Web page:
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/// Scott Whittemore, PhD

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Professor and Vice Chairman for Research, Department of Neurological Surgery, University of Louisville

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Spinal Cord Injury causes many changes at the molecular level that damage or destroy key components of the nervous system that carry signals to and from the brain – including neurons, axons and the myelin coating that protects the nervous system much like the insulation around an electrical cord, as well as the vascular infrastructure that carries oxygen to these tissues.

The Molecular Neurobiology Laboratory focuses on strategies to replace lost neurons, help axons regenerate, and regeneration of the myelin coating around damaged or regenerating axons. Using undifferentiated precursor cells, gene therapies, and transplanted neurons, the lab seeks to understand the development of these key components of the vascular and nervous system at the molecular and genetic level in order to protect them from damage and/or promote their regeneration.

The general research focus of my laboratory is to utilize molecular and cellular biological techniques to address repair in spinal cord injury (SCI). These studies are usually initiated in vitro and successful approaches then taken into whole animal experiments. When designing strategies to facilitate functional restoration in SCI, three issues need to be considered: 1) replacement of lost neurons, 2) remyelination of de-myelinated and/or regenerating axons, and 3) inducing axotomized descending motor and ascending sensory axons to regenerate. We are utilizing multiple strategies to examine all three issues.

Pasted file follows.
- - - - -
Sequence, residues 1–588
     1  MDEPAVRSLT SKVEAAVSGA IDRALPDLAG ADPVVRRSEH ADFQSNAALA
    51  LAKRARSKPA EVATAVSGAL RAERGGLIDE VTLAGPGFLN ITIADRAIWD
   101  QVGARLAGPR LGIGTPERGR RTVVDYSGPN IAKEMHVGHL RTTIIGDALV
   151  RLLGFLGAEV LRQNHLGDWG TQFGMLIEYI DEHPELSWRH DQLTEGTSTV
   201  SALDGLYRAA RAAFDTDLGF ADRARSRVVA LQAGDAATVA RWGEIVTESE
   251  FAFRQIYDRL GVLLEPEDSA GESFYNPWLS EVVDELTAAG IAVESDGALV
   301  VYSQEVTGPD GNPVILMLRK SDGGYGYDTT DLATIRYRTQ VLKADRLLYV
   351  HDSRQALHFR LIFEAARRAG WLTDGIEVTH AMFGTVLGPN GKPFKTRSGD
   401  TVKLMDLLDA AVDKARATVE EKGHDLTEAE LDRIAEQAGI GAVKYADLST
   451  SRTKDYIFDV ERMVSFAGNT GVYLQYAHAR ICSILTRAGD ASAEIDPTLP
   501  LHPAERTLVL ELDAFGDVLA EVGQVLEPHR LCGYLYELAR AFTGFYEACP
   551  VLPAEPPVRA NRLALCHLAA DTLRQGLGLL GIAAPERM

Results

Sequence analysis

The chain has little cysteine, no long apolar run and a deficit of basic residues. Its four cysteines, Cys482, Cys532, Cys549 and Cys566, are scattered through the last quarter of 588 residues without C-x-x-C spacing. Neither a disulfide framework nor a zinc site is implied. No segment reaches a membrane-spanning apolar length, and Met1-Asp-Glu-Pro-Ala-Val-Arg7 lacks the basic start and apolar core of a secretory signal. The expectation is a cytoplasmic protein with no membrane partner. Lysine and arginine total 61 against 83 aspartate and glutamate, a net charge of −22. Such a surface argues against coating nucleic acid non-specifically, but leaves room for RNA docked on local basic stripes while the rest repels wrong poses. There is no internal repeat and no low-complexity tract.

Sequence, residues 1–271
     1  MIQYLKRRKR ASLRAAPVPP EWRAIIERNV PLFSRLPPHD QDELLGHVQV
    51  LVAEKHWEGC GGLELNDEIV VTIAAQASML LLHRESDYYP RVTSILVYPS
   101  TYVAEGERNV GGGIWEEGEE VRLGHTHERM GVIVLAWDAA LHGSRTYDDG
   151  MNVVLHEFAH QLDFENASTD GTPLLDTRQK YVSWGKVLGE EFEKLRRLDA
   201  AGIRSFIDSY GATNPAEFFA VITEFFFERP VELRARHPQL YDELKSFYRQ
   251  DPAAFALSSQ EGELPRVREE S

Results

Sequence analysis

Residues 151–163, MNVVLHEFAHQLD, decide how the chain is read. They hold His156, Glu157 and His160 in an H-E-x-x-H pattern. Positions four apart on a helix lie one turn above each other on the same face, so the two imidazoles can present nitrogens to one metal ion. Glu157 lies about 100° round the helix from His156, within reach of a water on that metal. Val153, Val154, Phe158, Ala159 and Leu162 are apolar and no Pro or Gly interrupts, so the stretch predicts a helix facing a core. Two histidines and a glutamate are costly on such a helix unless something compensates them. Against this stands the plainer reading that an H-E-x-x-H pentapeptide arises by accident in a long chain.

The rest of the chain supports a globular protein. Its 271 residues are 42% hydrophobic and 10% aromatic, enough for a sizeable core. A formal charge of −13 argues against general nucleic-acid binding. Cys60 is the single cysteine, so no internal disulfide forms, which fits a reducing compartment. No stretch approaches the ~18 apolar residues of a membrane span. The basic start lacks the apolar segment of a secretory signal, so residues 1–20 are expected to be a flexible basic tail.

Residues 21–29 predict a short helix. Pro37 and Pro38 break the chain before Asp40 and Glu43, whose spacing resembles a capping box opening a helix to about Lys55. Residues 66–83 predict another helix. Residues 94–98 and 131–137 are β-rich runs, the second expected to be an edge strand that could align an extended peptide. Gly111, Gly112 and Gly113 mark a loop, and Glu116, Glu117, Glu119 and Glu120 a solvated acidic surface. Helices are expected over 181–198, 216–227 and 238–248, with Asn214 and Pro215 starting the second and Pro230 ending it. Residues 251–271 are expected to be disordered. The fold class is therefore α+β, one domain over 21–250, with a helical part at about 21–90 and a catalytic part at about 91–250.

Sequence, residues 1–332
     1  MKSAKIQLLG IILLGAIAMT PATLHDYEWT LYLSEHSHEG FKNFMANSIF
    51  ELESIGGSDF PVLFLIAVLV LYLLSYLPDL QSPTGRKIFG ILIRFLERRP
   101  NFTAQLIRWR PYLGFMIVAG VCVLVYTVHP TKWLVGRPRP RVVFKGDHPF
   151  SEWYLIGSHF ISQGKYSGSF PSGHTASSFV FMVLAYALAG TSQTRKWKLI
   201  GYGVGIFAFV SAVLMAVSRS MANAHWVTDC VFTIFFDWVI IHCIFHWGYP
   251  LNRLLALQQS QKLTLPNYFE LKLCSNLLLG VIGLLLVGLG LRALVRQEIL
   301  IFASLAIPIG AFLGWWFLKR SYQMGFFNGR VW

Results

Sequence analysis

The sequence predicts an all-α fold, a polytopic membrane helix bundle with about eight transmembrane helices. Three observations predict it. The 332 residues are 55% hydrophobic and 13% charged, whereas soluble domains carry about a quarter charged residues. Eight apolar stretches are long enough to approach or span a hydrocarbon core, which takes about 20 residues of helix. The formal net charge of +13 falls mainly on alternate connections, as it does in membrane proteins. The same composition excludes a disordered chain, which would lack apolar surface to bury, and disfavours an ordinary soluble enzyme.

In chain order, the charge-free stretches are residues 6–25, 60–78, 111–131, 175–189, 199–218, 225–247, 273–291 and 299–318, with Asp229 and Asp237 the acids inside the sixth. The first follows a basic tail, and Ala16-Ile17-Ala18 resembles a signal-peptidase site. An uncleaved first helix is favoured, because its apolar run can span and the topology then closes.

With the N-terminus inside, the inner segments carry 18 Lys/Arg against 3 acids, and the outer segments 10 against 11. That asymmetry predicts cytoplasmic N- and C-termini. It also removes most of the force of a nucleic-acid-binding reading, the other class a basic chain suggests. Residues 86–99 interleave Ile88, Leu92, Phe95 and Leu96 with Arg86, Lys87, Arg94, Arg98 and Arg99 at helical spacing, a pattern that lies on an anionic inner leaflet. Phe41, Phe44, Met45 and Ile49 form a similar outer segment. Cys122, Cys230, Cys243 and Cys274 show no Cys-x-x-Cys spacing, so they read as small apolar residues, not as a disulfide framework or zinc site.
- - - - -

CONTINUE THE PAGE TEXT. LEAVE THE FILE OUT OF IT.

Neuronal replacement requires transplantation of exogenous neurons, as CNS neurons do not regenerate. Similarly, injury-induced de-myelination is secondary to a loss of intrinsic oligodendrocytes. Our approach to re-myelination is to transplant oligodendrocyte precursors into the demyelinated area. We are using CNS-derived stem cells as a source for both neurons and oligodendrocytes. Ongoing experiments in vitro are using retroviral vectors to infect the undifferentiated precursor cells with transcription factors that direct either neuronal or oligodendrocytic differentiation. Additionally, we isolate neuronal-restricted and glial-restricted populations of precursor cells. These cells are then engrafted into specific SCI models that deplete functionally discrete populations of neurons or endogenous oligodendrocytes in specific ventral motor pathways. We utilize a battery of behavioral and electrophysiological analyses to both characterize the initial deficits and determine the degree to which functional recovery is observed.

Our attempts to engender axotomized supraspinal, propriospinal, and sensory axons to regenerate takes a two-fold approach. We again use undifferentiated stem cells and genetically engineer them to express specific neurotrophic factors and/or cell surface molecules that facilitate regeneration by providing trophic support or a permissive substrate for regeneration. In these studies, we induce the stem cells towards an astrocytic phenotype in vivo, as early differentiating astrocytes are permissive for axonal outgrowth. Concomitant with the engraftment of these cells into the injured spinal cord, we use adenoviral or lentiviral vectors to deliver specific neurotrophic molecules at specific times post-injury to the cell bodies in the brainstem and/or into the spinal cord caudal to the injury site. This should enhance the regenerative capacity of the axotomized neurons and coax the regenerating fibers to leave the graft and enter the distal cord, respectively. In the second approach, we are characterizing in the injured spinal cord and brain the expression of the eph family of receptor tyrosine kinases and their ligands the ephrins. These molecules mediate repulsive interactions between cells that express receptor and ligand. We hypothesize that the expression of ephs and ephrins in the injured spinal cord may contribute to the non-permissive environment for regeneration. We have devised a number of reagents that can block the function of these molecules and are examining their effects on regeneration of specific ascending and descending fiber populations.

We recognize that no single strategy will be by itself effective in eliciting optimal regeneration in SCI. Our ultimate goal is to combine those individual strategies of ours and our colleagues here in the Department of Neurological Surgery that are effective to design interventive approaches that will result in functionally significant improvements after SCI.



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